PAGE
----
Elan Microelectronics Corporation v. Apple, Inc.
Declaration of Derek C. Walter in Support Apple's of Opening Claim Construction Brief re 85 filed by Apple, Inc. (Attachments: # 1 Exhibit A, # 2 Exhibit B, # 3 Exhibit C, # 4 Exhibit D, # 5 Exhibit E, # 6 Exhibit F, # 7 Exhibit G, # 8 Exhibit H, # 9 Exhibit I, # 10 Exhibit J, # 11 Exhibit K, # 12 Exhibit L, # 13 Exhibit M, # 14 Exhibit N, # 15 Exhibit O, # 16 Exhibit P, # 17 Exhibit Q, # 18 Exhibit R, # 19 Exhibit S, # 20 Exhibit T, # 21 Exhibit U, # 22 Exhibit V) (Powers, Matthew) (Filed on 5/7/2010) Modified on 5/10/2010 (bw, COURT STAFF).
4 of 4 DOCUMENTS
Caution As of: May 07, 2010 SMITH & NEPHEW, INC. and JOHN O. HAYHURST, M.D., Plaintiffs, v. ARTHREX, INC., Defendant. No. CV 04-29-MO UNITED STATES DISTRICT COURT FOR THE DISTRICT OF OREGON 2007 U.S. Dist. LEXIS 27499
April 12, 2007, Decided SUBSEQUENT HISTORY: Summary judgment granted, in part, summary judgment denied, in part by, Summary judgment denied by Smith & Nephew, Inc. v. Arthrex, Inc., 2007 U.S. Dist. LEXIS 36425 (D. Or., May 17, 2007) PRIOR HISTORY: Smith & Nephew, Inc. v. Ethicon, Inc., 1999 U.S. Dist. LEXIS 22400 (D. Or., Dec. 17, 1999) COUNSEL: [*1] For Smith & Nephew Incorporated, Plaintiff: Benjamin D. Enerson, John M. Skenyon, Mark J. Hebert, LEAD ATTORNEYS, Fish & Richardson, PC, Boston, MA.; Thomas M. Johnston, LEAD ATTORNEY, Holland & Knight, LLP, Boston, MA.; Susan D. Pitchford, Brenna Kristine Legaard, Chernoff Vilhauer McClung & Stenzel, LLP, Portland, OR. For MD John O. Hayhurst, Plaintiff: Benjamin D. Enerson, Mark J. Hebert, LEAD ATTORNEYS, Fish & Richardson, PC, Boston, MA.; Thomas M. Johnston, LEAD ATTORNEY, Holland & Knight, LLP, Boston, MA.; Susan D. Pitchford, Brenna Kristine Legaard, Chernoff Vilhauer McClung & Stenzel, LLP, Portland, OR. For Arthrex, Incorporated, Defendant: Anthony Philip Cho, LEAD ATTORNEY, Carlson Gaskey & Olds, PC, Birmingham, MI.; Peter E. Heuser, LEAD ATTORNEY, Elizabeth A. Tedesco, Kolisch Hartwell, PC, Portland, OR.; Rodger D. Young, Steven Susser, LEAD ATTORNEYS, Young & Susser, PC, Southfield, MI.; Susan D. Pitchford, LEAD ATTORNEY, Chernoff Vilhauer McClung & Stenzel, LLP, Portland, OR. JUDGES: MICHAEL W. MOSMAN, U.S. District Judge. OPINION BY: MICHAEL W. MOSMAN OPINION OPINION RE: CLAIM CONSTRUCTION & ISSUE PRECLUSION MOSMAN, J., In its Markman briefing, Arthrex argued Smith [*2] & Nephew is bound by a prior claim construction of the
Page 2 2007 U.S. Dist. LEXIS 27499, *2
'557 patent entered in an earlier case in which Smith & Nephew was also a party. On February 20, 2007, I entered an order holding the prior construction, with one exception, "is given preclusive effect." This opinion follows to more fully explain my reasoning. In 1998, Smith & Nephew and Dr. Hayhurst filed suit alleging Ethicon, Inc. infringed the '557 patent. 1 In the course of that litigation, Magistrate Judge Hubel construed some of the same terms disputed in the present case. Smith & Nephew, Inc. v. Ethicon, Inc., No. CV 98-76-MA, 1999 U.S. Dist. LEXIS 22400 (D. Or. June 11, 1999) (Hubel's Am. F&R). 2 Ethicon objected to Judge Hubel's construction, and Smith & Nephew responded, arguing to District Judge Marsh that Judge Hubel's "[f]indings [were] well-supported in fact and law" and should be adopted. Cho Decl. in Supp. Markman Br., Ex. R at 5. Judge Marsh did adopt Judge Hubel's claim construction. See Ethicon, Inc., No. CV 98-76-MA (D. Or. Dec. 17, 1999) (Marsh's Summ. J. Op. at 6 n.2). Thereafter, Judge Marsh ruled on the parties' dispositive motions, granting summary judgment in favor of Ethicon. Id. In the context of that decision, [*3] he altered Judge Hubel's construction of "lodging the member." See Cho Decl. in Supp. Markman Br., Ex. S at 12-17. Smith & Nephew appealed to the Federal Circuit, contending Judge Marsh "departed from the magistrate judge's correct construction." Smith & Nephew, Inc. v. Ethicon, Inc., 276 F.3d 1304, 1308 (Fed. Cir. 2001). The Federal Circuit agreed and reversed Judge Marsh's decision on summary judgment, but otherwise "confirm[ed] the district court's claim construction." Id. at 1310. 1 For ease of reference, plaintiffs are simply referred to as "Smith & Nephew," both in relation to Ethicon and this case.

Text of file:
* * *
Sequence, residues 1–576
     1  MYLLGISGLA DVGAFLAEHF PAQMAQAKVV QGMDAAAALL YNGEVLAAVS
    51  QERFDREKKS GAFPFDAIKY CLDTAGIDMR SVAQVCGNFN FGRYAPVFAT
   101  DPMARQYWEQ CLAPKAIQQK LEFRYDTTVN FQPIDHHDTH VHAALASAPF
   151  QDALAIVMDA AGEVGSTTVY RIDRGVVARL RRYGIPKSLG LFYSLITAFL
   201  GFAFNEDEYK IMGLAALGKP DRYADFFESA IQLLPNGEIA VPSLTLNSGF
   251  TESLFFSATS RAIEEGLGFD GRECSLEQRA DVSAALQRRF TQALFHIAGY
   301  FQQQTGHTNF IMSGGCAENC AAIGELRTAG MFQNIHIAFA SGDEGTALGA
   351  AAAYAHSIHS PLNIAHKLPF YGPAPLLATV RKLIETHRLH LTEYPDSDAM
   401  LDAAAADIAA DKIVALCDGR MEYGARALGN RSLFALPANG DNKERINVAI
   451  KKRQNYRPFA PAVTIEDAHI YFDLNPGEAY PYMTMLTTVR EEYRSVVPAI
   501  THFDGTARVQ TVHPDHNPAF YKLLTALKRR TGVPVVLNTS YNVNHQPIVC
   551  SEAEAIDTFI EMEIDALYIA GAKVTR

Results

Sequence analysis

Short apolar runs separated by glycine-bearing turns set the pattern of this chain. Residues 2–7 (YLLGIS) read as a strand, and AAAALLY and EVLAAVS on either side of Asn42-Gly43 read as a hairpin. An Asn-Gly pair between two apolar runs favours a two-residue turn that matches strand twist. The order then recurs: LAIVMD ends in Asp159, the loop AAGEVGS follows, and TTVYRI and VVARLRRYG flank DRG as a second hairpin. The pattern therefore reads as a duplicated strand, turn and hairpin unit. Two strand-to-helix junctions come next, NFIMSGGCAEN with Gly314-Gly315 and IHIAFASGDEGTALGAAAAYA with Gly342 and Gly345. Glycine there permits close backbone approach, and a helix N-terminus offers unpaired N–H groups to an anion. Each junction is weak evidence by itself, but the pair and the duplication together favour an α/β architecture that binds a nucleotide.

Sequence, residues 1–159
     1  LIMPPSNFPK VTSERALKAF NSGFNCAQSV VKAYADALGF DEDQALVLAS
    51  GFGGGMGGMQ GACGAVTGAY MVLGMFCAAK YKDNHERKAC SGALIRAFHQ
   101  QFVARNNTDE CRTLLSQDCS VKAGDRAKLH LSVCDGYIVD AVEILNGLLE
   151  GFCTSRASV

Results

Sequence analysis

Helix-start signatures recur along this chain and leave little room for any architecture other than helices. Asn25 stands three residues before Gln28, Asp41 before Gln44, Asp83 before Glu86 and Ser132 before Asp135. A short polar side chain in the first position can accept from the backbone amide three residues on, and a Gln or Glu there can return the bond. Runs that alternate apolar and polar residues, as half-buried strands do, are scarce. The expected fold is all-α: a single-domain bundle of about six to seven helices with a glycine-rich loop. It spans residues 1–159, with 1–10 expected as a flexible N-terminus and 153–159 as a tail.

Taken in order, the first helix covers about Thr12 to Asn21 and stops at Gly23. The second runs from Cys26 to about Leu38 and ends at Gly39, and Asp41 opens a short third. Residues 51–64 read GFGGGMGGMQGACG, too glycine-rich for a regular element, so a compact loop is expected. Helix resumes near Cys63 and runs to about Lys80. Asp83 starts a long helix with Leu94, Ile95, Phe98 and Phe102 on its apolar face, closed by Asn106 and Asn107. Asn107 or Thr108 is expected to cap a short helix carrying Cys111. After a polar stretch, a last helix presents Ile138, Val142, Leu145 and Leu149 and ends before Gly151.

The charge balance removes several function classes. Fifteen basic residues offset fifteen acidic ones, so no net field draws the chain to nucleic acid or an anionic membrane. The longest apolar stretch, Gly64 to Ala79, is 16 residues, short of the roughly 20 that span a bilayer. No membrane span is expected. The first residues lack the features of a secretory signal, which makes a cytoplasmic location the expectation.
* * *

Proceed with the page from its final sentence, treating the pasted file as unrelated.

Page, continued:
In determining whether issue preclusion applies, the district court looks to the law of its circuit. RF Del., Inc. v. Pac. Keystone Techs., Inc., 326 F.3d 1255, 1261 (Fed. Cir. 2003) [*4] (citing Bayer AG. v. Biovail Corp., 279 F.3d 1340, 1345 (Fed. Cir. 2002). The Ninth Circuit explains, "[t]he doctrine of collateral estoppel (or issue preclusion) prevents relitigation of issues actually litigated and necessarily decided, after a full and fair opportunity for litigation, in a prior proceeding." Af-Cap, Inc. v. Chevron Overseas (Congo) Ltd., 475 F.3d 1080, 1086 (9th Cir. 2007). Thus, the doctrine applied when: (1) the issue necessarily decided at the previous proceeding is identical to the one which is sought to be relitigated; (2) the first proceeding ended with a final judgment on the merits; and (3) the party against whom collateral estoppel is asserted was a party or in privity with a party at the first proceeding. Id. The first element is easily satisfied in this case. The issue here, as in Ethicon, is the proper construction of the '557 patent. The words being construed and the legal rules governing the analysis are the same. Kourtis v. Cameron, 419 F.3d 989, 995 (9th Cir. 2005). Smith & Nephew argues that because Ethicon involved a different accused device, the prior claim construction [*5] does not apply--that somehow the nature of the device at issue impacts the applicability of claim construction. It is true the accused device informs construction. Hakim v. Cannon Avent Group, PLC, 479 F.3d 1313, 2007 U.S. App. LEXIS 3926, 2007 WL 542697, *4 (Fed. Cir. Feb. 23, 2007). But the general premise of counsel's argument is contrary to the purpose of claim construction. Patent claims are the patentee's attempt to define the "scope of the claimed invention" and thereby give notice to the public of invention. Bicon, Inc. v. Straumann Co., 441 F.3d 945, 950 (Fed. Cir. 2006). At claim construction, the court considers specific disputes as to the patent claims' meaning and "defines the claim[s] with greater precision than had the patentee." Pall Corp. v. Hemasure Inc., 181 F.3d 1305, 1308 (Fed. Cir. 1999). The court must construe the words of the claims such that they are given their ordinary meaning as understood by someone skilled in the art. Phillips v. AWH Corp., 415 F.3d 1303, 1312-13 (Fed. Cir. 2005) (en banc). The whole point of this effort is to give the world notice of the claimed